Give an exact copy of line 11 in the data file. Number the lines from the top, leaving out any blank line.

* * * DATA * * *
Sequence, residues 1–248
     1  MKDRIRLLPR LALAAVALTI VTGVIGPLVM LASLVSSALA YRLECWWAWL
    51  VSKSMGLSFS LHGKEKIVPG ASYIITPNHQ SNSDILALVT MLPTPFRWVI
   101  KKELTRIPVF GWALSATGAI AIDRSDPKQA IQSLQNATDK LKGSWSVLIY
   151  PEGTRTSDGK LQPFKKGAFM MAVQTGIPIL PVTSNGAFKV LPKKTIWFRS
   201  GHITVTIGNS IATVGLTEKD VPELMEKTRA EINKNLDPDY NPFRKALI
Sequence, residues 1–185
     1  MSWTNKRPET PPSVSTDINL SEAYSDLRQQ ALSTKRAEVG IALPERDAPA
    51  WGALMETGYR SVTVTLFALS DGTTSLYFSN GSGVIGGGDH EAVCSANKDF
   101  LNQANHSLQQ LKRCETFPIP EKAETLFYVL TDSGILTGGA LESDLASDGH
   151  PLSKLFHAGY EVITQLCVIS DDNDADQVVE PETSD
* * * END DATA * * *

   151  PLSKLFHAGY EVITQLCVIS DDNDADQVVE PETSD